A lorry driver fired for wearing women's clothes away from work is firing back with a web site attacking his former employer, Winn-Dixie Stores. The US supermarket chain is seeking to shut it down. Peter Oiler, the trannie trucker who worked for the company for 21 years, is the figurehead of ShameOnWinnDixie.com, a web site supported and maintained by American Civil Liberties Union activists.
OK, here's the thing: Mr Oiler no doubt has the unequivocal right to express his opinions about his firing. I am less sanguine about his right to publish his former supervisors' work phone numbers, although it may well be that they are available on Winn-Dixie's own site, or somewhere easily available. I am entirely convinced that he's got some abominable legal representation; you do NOT engage in this sort of provocation when you've got a case in progress. It tends to piss off judges most thoroughly.
Make no mistake: the primary reason for the site's existence may or may not be to allow Mr Oiler to express himself, but a major reason is that it was dangled out there as lawsuit bait. From the warning letter that was sent out, it's clear that it succeeded ... although I expect not entirely as planned. (For one thing, it seems to have been around for a little while before Winn-Dixie even noticed.) Although there would be no confusing the site with Winn-Dixie's main corporate site, under most ICANN rules and trademark/copyright cases, the domain name probably constitutes a misuse of trademark. Where Winn-Dixie goes awry in their letter is that they should have requested that the site stop using a domain name containing their trademark; instead, they request that the site be removed from the internet. Wrong wrong wrong. They overstep.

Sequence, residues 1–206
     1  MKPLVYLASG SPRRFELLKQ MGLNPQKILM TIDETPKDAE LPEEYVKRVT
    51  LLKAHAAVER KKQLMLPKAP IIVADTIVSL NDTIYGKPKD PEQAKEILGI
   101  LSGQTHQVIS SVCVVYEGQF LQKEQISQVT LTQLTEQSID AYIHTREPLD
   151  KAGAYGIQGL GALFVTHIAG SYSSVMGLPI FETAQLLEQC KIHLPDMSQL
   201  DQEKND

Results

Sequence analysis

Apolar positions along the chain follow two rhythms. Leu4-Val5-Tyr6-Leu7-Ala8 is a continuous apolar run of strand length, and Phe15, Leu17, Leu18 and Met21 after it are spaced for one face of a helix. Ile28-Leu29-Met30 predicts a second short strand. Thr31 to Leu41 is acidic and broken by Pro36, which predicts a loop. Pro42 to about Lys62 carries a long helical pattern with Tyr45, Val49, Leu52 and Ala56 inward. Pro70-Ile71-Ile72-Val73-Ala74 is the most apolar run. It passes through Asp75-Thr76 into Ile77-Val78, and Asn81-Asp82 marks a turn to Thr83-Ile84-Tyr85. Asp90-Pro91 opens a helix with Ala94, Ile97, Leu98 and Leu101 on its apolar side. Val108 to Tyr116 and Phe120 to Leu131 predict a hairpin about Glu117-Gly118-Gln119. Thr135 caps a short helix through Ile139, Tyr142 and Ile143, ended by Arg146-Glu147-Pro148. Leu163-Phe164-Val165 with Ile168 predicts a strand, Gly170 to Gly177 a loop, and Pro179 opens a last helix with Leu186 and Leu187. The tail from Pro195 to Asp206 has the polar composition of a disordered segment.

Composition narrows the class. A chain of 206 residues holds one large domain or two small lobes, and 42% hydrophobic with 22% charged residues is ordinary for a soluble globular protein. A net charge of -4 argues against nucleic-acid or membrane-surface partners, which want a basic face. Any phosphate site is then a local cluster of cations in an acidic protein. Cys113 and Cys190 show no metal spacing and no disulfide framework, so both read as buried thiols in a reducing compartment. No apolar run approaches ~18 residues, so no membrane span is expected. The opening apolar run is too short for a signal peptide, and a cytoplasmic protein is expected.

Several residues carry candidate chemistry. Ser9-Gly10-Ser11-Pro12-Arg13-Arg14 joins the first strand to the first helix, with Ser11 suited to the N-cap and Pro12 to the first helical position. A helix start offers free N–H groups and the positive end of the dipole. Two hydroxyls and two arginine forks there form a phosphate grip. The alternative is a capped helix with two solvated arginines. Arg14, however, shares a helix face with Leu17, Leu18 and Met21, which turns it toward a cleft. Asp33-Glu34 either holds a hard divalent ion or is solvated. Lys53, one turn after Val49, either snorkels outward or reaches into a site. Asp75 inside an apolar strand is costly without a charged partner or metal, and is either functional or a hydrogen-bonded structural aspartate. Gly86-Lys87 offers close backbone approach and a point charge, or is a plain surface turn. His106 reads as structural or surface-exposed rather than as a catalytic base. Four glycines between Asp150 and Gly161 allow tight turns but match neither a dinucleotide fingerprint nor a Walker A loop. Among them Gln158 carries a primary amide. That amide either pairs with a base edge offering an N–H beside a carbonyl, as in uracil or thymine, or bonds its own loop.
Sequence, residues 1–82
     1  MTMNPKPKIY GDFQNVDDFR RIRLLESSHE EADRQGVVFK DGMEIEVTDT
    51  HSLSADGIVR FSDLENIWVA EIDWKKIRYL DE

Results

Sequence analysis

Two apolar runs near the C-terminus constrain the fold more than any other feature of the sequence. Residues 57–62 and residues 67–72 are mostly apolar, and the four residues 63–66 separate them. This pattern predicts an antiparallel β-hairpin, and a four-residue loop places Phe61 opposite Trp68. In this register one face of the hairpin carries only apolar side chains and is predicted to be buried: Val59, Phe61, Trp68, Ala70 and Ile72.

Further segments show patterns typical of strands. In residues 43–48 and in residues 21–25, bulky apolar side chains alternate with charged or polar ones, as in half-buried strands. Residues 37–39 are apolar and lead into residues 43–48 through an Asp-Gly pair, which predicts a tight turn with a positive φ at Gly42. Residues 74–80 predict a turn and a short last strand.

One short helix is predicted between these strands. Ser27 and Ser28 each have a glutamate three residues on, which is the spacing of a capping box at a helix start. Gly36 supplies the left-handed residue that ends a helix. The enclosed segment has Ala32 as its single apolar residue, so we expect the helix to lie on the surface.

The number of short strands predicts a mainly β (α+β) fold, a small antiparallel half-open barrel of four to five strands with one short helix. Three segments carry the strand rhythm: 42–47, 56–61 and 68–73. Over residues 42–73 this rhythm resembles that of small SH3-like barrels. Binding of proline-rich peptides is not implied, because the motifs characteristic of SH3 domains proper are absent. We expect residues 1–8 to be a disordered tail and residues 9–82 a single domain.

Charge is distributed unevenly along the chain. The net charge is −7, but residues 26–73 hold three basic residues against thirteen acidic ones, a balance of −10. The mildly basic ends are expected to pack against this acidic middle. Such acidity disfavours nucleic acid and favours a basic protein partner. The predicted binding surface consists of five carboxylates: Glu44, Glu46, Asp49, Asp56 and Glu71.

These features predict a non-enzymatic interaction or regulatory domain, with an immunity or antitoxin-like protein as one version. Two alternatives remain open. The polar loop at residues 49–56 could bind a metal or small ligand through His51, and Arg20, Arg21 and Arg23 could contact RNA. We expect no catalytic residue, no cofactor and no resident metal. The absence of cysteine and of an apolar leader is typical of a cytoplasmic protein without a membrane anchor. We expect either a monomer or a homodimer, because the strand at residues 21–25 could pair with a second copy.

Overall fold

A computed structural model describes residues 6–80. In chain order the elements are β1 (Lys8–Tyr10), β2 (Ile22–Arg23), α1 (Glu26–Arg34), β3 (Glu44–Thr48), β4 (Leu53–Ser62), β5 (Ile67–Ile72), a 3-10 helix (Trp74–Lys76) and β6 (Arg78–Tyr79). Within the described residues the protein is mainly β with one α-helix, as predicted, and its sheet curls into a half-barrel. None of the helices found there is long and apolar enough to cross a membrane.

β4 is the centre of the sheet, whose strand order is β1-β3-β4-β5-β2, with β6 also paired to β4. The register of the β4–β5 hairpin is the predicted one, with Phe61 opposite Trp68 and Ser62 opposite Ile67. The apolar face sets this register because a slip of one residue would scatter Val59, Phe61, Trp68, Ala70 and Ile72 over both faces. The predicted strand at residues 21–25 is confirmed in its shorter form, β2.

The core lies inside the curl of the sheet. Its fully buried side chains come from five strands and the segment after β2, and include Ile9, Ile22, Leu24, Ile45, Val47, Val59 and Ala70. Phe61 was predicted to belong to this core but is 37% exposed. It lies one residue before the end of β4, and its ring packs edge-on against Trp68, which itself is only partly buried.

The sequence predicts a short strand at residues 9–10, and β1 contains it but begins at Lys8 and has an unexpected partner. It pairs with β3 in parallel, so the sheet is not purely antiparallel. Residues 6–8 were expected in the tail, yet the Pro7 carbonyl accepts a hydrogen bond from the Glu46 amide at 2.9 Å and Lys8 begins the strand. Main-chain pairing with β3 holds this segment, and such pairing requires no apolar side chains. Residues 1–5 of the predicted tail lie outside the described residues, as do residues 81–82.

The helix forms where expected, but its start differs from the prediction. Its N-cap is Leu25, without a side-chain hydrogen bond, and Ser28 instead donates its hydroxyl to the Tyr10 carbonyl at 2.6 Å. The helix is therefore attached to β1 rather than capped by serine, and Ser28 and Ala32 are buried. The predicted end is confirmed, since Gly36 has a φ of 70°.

As far as the actual case itself goes, Oiler certainly has grounds to sue ... although based on what I've read, not under the discrimination laws that he's charging. And frankly, although I think most people would agree that you have every right to live your private life as you see fit, I'm baffled as to which laws would cover this. Sex discrimination seems like improper grounds for the suit. That said, the Equal Employment Opportunity Commission has in fact granted Oiler the right to sue for employment discrimination. The facts of the case make Winn-Dixie look about as bad as they possibly could; they simply have no legal basis for trying to regulate their employee's home lives in that way. (I just have an odd feeling that the claims for relief are coming from the wrong direction as far as the law is concerned. Women and men don't have analogous places in society when it comes to clothing; it's considered acceptable for women to wear men's clothing -- if pants are called "men's clothing" -- and it's not considered acceptable for men to wear a dress.)
Oiler's own opinion of the case can be heard in a web radio archive at Gendertalk.
To be honest, I'm astonished that this case is going forward, unless there's a cosmic game of chicken going on, or unless there's some employment contract with a specific "Thou shalt comport thyself as a Manly Man!" clause hiding somewhere. This is the sort of case where a jury will really dislike both sides, but Winn-Dixie ultimately has more to risk. The opinion of most people will run something like, "Well, you know, the guy's a pre-vert, but it's a mild kind of pre-vert, and he's not doing anything illegal. He wants to wear women's clothes on his own time, it's his business. I don't want MY boss telling me what to do on MY time, after all."
In any event, both Oiler and Winn-Dixie seem to me to be badly served by their lawyers at this point.
12/19/2001: vive la france
12/19/2001: princess, redux
12/19/2001: yemen and rumsfeld
12/18/2001: you're NOT in the army now
12/18/2001: interesting donation
12/18/2001: shame on winn dixie, indeed
12/18/2001: saudi princess
12/17/2001: new resolve
12/17/2001: a victim of the attack ... yeah, right
12/17/2001: polluters ho!